Thursday, April 24, 2008

Methane Levels on the Rise Again

After being fairly stable for almost 10 years methane levels in the atmosphere went up in 2007. This gloomy news was reported yesterday by the US Oceanic and Atmospheric Administration (NOAA). How gloomy this news really is depends on why methane levels are increasing again. The gloomiest reason would be that thawing permafrost in Arctic areas are releasing methane, a positive feedback from rising global temperature. Such a release of methane has been reported by researchers but according to scientist Ed Dlugokencky from NOAA’s Earth System Research Laboratory the most probable reasons for the recent increase in methane are rapidly growing industrialization in Asia and rising wetland emissions in the Arctic and tropics. Dlugokencky also said that ”We’re on the lookout for the first sign of a methane release from thawing Arctic permafrost. It’s too soon to tell whether last year’s spike in emissions includes the start of such a trend.” As almost a side note, the NOAA scientists found that carbon dioxide levels in the atmosphere continue to surge upward, with the annual rate of increase again exceeding 2 parts per million (the increase was 2.4 ppm) which has been a disturbing trend that began after the year 2000. The level of carbon dioxide is now 385 ppm. That’s 35 ppm above the level that climate scientist James Hansen now says we should be aiming for. Needless to say, things don’t look good.

Monday, April 21, 2008

Methane Being Released from Arctic Sea Floor in Siberia

Here is some potentially catastrophic climate news. According to an article at Spiegel Online, Russian scientists are reporting that methane stored as frozen methane hydrates under the Arctic Ocean is being released into the atmosphere because of thawing that is taking place in Siberia. This is one of the positive feedbacks that climate scientists dread the most because of the enormous volume of methane that is stored as frozen hydrates. Although methane doesn’t last in the atmosphere as long as carbon dioxide does each molecule of methane traps much more heat. The scientists found that the permafrost had become porous on a shelf below the sea off the Siberian coast. They also found that the seawater in the area was oversaturated with methane and higher methane levels were detected in the air as high as about one mile above the site.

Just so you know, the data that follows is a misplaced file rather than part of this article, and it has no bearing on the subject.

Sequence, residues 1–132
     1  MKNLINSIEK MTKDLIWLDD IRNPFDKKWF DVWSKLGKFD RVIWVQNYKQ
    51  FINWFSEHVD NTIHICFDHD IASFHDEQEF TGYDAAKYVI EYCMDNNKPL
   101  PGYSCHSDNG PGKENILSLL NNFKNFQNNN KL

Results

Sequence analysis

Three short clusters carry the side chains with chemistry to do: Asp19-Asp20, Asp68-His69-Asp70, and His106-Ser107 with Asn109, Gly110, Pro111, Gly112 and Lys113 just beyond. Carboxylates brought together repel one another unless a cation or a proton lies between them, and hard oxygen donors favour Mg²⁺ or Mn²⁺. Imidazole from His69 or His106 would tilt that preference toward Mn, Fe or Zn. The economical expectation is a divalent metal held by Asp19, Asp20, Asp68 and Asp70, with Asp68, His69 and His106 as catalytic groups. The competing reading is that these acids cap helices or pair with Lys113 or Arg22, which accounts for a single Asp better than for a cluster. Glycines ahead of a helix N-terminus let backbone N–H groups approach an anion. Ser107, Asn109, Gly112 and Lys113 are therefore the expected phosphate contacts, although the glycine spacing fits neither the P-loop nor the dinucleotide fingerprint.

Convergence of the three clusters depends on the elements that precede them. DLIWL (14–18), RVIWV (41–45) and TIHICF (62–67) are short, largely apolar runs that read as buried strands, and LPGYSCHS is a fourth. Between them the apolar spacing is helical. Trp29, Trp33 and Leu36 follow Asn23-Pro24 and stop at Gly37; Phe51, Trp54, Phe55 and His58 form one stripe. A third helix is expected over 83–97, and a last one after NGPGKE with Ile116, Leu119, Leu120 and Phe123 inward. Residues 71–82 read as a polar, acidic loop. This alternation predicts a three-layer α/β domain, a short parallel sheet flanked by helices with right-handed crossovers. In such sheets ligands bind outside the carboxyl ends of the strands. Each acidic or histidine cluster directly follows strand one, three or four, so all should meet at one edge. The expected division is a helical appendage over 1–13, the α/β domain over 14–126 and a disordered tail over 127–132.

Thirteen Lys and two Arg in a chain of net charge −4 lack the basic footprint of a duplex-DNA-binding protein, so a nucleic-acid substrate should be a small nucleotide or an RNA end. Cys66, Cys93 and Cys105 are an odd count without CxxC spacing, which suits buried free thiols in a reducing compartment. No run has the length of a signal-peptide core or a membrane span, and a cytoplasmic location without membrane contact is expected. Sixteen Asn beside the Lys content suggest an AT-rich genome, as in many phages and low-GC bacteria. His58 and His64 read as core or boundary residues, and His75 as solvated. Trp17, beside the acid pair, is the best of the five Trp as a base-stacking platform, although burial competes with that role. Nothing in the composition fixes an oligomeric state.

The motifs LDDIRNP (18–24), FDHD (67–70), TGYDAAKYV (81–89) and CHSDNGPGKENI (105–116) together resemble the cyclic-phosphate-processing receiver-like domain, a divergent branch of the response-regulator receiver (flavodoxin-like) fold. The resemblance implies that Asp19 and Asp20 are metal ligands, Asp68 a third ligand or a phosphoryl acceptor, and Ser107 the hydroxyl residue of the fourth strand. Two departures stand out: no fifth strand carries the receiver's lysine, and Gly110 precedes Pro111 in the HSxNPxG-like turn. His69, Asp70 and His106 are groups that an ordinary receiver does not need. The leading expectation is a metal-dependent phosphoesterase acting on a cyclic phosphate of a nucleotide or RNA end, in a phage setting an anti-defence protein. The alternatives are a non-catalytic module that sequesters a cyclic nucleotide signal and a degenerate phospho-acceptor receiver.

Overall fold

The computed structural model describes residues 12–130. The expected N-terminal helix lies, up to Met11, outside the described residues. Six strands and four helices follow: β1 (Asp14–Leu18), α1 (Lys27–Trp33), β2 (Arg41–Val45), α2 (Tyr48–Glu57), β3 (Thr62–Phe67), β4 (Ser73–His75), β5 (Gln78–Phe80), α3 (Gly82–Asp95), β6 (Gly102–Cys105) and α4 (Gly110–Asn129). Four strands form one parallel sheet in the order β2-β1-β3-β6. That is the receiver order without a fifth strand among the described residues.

During the last several years it has been reported that methane levels in the atmosphere have leveled off. No one seems to know quite sure why. There have been reports of methane being released from below the thawing permafrost on land in Siberia but if this is occurring it hasn’t yet affected methane levels in the atmosphere. The next bit of very bad news regarding methane could be that atmospheric levels are beginning to sharply rise. Such news could leave us with few options other than to get ready for the oncoming catastrophe.

Friday, April 11, 2008

Obama and Clinton Still Calling for More Biofuels

So far it appears that neither Barack Obama nor Hillary Clinton have adjusted their policies on biofuels to the new scientific realization that large scale production of both ethanol and biodiesel are contributing to global warming rather than being a partial solution. The other major presidential candidate, John McCain, doesn’t seem to have any policy on biofuels or for that matter on how to reduce greenhouse gases from transportation as his website simply says that he offers to limit carbon emissions “by harnessing market forces that will bring advanced technologies, such as nuclear energy, to the market faster, reduce our dependence on foreign supplies of energy, and see to it that America leads in a way that ensures all nations do their rightful share.” At least Obama and Clinton do get down to some specifics.